§ The acceptance of this clause would tend to remove a very grievous blot in the Land Act of 1881. It would secure that, in certain estates in Ireland, where some friction existed between landlord and tenant, the tenant would be able to go into the market and sell, as he used to do on all well-managed estates. It would compel a few unreasonable men, who 565 having some small difference with their tenants would not give them the right to sell, to do what the great majority of landlords did.
§ MR. GERALD BALFOUR
said he was afraid they could not accept this new clause. It was perfectly true that the right of pre-emption by the landlord was not used in a very large number of cases, but he thought it was also true, to some extent, that the existence of this right, which was very reasonable in itself, somewhat checked the excessively high prices which were now given for tenant right. So long as the right of free sale existed unchecked, there would always be a danger that although the power of the landlord to exact full competition rent was abolished, the evil would reproduce itself whenever a sale took place, inasmuch as the incoming tenant would pay a full competition rent for the tenant right. It was generally acknowledged that this right of preemption did exercise a check, perhaps not to a very large extent, upon these very high prices paid for tenant right, and as such they thought these reasonable rights should be maintained.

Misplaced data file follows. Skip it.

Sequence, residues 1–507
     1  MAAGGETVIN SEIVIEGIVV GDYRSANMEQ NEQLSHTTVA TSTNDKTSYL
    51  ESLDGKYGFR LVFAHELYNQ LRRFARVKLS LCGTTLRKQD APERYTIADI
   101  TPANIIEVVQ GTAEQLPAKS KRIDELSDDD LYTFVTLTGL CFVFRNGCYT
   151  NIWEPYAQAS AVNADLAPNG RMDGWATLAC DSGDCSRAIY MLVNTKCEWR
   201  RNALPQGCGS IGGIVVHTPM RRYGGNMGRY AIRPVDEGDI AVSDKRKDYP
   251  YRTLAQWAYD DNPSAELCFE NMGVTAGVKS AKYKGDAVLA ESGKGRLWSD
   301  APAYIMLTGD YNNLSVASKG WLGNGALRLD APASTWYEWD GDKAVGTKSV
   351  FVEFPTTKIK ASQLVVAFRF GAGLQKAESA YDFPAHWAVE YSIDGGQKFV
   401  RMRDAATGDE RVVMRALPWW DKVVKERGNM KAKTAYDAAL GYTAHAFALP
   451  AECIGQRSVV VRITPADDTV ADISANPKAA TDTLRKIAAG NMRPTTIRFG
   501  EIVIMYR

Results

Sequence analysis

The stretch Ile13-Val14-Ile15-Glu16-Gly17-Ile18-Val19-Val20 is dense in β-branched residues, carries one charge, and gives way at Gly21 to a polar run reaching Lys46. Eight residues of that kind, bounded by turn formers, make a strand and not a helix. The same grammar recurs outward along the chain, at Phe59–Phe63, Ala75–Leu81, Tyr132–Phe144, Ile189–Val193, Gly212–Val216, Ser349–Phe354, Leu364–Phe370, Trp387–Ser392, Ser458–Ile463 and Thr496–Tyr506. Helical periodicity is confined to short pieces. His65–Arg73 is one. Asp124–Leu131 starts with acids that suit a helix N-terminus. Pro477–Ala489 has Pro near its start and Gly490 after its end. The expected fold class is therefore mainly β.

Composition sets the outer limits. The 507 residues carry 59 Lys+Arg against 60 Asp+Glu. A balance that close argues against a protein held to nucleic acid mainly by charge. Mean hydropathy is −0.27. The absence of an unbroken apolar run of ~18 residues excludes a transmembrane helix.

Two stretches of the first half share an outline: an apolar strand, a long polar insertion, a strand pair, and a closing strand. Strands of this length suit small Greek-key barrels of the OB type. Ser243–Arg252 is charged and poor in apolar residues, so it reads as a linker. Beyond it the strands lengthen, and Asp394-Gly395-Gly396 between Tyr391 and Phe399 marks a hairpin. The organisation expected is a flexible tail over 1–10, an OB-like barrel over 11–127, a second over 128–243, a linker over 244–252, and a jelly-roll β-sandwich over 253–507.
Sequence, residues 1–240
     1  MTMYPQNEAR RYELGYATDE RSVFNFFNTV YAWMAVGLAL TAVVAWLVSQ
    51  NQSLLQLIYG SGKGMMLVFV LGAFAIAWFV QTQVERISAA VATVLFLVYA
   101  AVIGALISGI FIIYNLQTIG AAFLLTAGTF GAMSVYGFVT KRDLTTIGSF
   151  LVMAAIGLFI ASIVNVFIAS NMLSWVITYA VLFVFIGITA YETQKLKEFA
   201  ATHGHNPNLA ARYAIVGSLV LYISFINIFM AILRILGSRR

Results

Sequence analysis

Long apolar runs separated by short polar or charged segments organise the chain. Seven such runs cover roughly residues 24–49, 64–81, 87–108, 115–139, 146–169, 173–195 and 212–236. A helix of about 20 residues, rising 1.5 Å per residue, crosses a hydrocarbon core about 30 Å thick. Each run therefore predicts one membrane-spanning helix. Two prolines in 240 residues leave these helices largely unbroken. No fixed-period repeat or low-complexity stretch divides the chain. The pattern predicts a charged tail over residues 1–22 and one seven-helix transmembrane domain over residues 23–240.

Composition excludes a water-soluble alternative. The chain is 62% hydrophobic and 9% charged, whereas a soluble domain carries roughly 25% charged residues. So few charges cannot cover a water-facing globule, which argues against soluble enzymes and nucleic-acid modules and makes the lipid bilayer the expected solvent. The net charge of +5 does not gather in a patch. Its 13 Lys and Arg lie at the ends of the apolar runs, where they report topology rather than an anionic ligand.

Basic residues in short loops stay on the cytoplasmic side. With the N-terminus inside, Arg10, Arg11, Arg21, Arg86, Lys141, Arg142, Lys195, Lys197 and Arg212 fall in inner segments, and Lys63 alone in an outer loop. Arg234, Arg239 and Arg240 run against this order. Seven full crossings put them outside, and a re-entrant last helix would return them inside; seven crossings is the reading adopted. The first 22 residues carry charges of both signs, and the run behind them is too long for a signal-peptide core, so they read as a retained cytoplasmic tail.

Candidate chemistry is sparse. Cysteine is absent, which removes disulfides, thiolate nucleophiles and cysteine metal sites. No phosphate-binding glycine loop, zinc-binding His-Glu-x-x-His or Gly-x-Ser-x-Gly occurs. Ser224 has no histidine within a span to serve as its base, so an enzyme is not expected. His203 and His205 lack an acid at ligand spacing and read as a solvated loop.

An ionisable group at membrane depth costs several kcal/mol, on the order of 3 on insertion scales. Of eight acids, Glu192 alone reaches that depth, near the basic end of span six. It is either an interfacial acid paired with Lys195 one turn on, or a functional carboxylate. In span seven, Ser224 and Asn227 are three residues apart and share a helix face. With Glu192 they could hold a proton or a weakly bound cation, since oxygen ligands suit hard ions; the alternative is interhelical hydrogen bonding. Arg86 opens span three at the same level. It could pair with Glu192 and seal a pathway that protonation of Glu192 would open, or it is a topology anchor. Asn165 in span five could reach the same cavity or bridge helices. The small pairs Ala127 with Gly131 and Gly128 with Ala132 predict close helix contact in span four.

§ MR. MAURICE HEALY
asked the Government, by way of compromise, at all events to limit the landlord's right of pre-emption to bonâ fide sales of farms.
§ MR. J. J. SHEE (Waterford, W.)
mentioned one extraordinary anomaly in connection with this right of the landlord. In the case of a marriage settlement it had been decided that a transfer from father or mother to son or daughter on the occasion of marriage required the usual notice to the landlord, and that the landlord had the right to buy and prevent the transfer under the marriage settlement. That had been availed of in some cases by the landlord to grab the farm of a tenant who merely desired to make a settlement in the interest of son or daughter.
MR. T. M. HEALY
urged that the right of pre-emption had not worked in the way originally intended, particularly in regard to family settlements.
§ MR. GERALD BALFOUR
agreed that it was unreasonable that this right of pre-emption should exist in the case of marriage settlements. The Government 566 were prepared to consider the matter and to bring up a clause on Report excluding cases of the kind.
§ * MR. DOOGAN (Tyrone, E.)
cited the case of a tenant in Ulster, who, on selling his farm, gave the necessary notice to the landlord. The landlord then went into Court and succeeded in his contention to have "true value" fixed. He broke up the sale which had taken place, paid the vendor the Court price, which was about half what he had already sold at, and then resold to the original purchaser at the same price which he had agreed to pay the outgoing tenant. So that, under this provision of "pre-emption," he was enabled to set aside the Ulster custom of free sale and confiscate a large amount of the tenant's own improvements.
§ THE FIRST LORD OF THE TREASURY
made an appeal to the Committee to come to a decision. They had to deal with the Irish Estimates to-morrow.
§ Amendment, by leave, withdrawn.
§ MR. CLANCY (for MR. HAYDEN) moved the following clause:—